To be honest, we are busting our butts right now. We are working all day and working all evening to prepare for the upcoming season, and it’s pretty exhausting.
When I think about how we are starting a business out of thin air, many words come to mind. Vulnerability. It is takes a lot to explore your dreams, focus on an area and then slowly work in that direction until you feel like it’s time to just dive in head first. Waking up every morning and putting yourself out there by pursuing your dreams and sharing them with the rest of the world is daring. Not many people do it on their own. Some people spend their whole lives and never do it. Some wait till later on after an entire other career to pursue it. The truth of the matter is, that is daring, it’s tiring, it’s exhausting, it’s amazing, it’s exhilarating, it’s rewarding and it’s terrifying all at once. Gulp! It’s the vulnerability that makes the open and revealing act of following your own way so honest and truthful. In our opinion, one of the most honest ways to make a living is my creating something with your hands that comes from your heart. Creating something out of nothing, and whether it’s a piece of art, a piece of food or a magical bouquet of wildflowers and sweet peas, the creation came from the hands but has heart to it. Some days I feel like I'm bursting with this creative energy, and sometimes I want bake a pie, have a cup of coffee and curl up in a chair with my journal. I believe that once you've found a calling.
I don't know if everyone has but just one calling. Sebastiaan had a career in the culinary world for 14 years. He created phenomenal meals in top NYC restaurants for years and now he is just as enthused about raising chickens, flowers and hosting farm dinners on our land. People change, their callings evolve and I think as long as you are in tuned with yourself enough to recognize a need for a change then you will be able to find your next path.
When I was a child I wanted to be a teacher, I practiced at the chalkboard in my bedroom teaching my stuffed animals and dolls. When I got older I wanted to be a writer; I wrote short stories in journals and entered in writing competitions and loved to sit for hours with my journal creating dream worlds of grandmothers and granddaughters living in old farm houses and having adventures together. When I was in middle school and high school I wanted to be an artist, more specifically a fashion designer. I went to SCAD for summer design programs and spent years in my bedroom sewing clothes and selling them on eBay, etsy, and the music festivals that I went to with my parents throughout the year. In the middle of my high school career, I fell in love with flowers. My dad gave me a field to grow flowers and I scattered several wildflower and pollinator seed mixes and cultivated them throughout the summer. I was in heaven, and I decided I would be a farmer. I went to Warren Wilson College and studied Agriculture and Forestry. I graduated and then went to work with a local florist to learn about flower arranging and event design. Currently I work for the Natural Resource Conservation Service, but with The Farmer's Hands I get to combine all of my dreams. I get to write on our blog about our experiences and lives, I get to be an artist and arrange flowers and design our on-farm events, I get to teach people with our videos, blog entries and workshops and I get to be a farmer and grow flowers. I am amazed at how when you find certain callings, they stay with you, you know that you love to do them for a reason and eventually you get to choose and create your own quilt-like calling that combines all of your loves just like we did.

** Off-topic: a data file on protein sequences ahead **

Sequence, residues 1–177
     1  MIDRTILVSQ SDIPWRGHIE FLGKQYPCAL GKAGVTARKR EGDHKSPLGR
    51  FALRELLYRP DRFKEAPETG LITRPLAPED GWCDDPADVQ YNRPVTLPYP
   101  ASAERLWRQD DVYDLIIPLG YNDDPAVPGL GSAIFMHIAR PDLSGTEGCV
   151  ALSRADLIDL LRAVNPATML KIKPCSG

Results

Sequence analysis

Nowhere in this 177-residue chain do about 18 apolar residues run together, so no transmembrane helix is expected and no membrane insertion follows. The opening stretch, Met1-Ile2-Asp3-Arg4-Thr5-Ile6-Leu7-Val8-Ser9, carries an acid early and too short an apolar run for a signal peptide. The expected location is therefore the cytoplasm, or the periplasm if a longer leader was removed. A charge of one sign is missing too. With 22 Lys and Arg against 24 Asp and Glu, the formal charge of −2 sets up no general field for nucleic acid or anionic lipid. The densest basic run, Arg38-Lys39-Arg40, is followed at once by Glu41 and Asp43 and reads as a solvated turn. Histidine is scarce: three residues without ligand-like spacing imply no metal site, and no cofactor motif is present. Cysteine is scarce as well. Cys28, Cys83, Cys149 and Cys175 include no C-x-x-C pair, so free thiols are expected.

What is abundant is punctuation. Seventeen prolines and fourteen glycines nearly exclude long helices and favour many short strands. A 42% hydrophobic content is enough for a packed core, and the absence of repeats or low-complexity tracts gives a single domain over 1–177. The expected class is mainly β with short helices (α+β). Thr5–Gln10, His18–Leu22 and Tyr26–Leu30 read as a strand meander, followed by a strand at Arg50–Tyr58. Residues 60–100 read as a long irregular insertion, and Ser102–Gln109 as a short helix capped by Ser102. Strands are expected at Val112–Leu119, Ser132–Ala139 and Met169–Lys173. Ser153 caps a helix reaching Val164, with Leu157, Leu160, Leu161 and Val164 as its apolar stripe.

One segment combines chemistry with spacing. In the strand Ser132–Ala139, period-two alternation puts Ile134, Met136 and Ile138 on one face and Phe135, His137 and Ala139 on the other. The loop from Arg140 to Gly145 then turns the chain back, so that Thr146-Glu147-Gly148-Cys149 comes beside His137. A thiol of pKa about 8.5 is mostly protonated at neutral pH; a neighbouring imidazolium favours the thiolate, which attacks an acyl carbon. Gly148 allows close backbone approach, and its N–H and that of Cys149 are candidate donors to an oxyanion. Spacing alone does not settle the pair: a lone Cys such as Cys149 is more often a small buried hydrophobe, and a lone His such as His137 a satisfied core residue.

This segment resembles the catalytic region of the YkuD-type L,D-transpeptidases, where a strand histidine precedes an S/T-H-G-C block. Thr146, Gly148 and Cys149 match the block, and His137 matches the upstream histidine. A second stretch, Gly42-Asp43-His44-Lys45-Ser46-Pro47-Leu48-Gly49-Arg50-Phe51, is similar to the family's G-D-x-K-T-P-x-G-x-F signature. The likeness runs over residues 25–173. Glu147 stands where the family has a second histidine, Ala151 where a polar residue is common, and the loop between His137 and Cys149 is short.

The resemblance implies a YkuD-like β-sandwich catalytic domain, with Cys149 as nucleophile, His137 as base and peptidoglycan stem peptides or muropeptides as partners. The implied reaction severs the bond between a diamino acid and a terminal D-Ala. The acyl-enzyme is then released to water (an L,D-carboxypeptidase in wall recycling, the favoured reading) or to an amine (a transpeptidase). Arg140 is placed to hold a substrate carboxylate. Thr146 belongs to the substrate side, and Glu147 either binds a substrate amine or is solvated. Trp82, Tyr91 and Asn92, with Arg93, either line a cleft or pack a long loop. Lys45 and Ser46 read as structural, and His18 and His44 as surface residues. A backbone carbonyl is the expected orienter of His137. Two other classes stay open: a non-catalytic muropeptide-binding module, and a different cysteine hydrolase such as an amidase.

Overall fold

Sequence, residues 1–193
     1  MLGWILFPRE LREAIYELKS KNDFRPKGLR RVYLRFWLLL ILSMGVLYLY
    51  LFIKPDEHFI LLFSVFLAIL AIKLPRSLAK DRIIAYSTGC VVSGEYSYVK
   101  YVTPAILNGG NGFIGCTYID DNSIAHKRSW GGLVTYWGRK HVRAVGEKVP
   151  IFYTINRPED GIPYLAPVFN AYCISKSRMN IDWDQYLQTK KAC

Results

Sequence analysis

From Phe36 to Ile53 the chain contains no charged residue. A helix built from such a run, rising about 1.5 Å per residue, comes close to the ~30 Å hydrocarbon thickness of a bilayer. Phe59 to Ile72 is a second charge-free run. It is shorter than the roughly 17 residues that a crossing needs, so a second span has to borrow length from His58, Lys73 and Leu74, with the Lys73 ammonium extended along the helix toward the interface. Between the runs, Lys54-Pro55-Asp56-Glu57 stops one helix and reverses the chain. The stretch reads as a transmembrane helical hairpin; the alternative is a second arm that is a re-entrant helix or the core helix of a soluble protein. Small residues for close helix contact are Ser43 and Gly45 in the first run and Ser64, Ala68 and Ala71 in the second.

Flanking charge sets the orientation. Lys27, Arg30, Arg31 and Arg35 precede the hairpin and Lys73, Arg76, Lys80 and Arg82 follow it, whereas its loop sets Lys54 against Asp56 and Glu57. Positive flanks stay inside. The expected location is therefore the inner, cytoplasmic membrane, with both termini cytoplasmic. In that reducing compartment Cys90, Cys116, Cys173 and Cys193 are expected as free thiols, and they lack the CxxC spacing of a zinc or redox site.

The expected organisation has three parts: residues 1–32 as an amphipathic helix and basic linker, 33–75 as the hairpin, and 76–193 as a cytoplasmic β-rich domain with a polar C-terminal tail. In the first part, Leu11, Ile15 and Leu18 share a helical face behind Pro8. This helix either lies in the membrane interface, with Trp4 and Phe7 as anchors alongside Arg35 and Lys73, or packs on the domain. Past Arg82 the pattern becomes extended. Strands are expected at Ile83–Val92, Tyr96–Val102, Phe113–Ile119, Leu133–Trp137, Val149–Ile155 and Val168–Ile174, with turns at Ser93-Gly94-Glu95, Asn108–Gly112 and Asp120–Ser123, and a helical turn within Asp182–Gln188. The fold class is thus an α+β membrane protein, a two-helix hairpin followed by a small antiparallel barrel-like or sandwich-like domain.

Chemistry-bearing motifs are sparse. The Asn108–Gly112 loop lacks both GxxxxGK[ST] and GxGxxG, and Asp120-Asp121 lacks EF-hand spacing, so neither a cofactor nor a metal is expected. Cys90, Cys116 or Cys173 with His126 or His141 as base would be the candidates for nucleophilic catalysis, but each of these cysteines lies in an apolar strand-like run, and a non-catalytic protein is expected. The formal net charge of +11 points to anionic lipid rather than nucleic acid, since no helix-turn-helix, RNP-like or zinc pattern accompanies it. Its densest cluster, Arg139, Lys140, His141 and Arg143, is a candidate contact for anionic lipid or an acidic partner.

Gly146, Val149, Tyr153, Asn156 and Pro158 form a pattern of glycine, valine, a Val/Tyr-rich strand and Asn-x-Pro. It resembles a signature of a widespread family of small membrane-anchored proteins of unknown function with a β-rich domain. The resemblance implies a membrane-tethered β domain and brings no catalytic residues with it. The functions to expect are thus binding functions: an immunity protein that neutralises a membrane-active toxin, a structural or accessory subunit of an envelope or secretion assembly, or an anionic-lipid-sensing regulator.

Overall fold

Sometimes, I just feel like I am the lucky one. I am lucky because I get to take the chance, develop an idea and run, run, run with it, as fast as I can until the wild winter wind catches my kite. I feel like I am the lucky one because I get to wake up beside my best friend every day and then we get to garden together, play music together and be silly and happy all day. I feel like I am the lucky one because we have amazing family and friend support, with amazing agricultural, and artistic advice with unwavering love and kindness. What I have realized it that yes, I am a lucky one. But we can all choose to be lucky, it’s all up to us.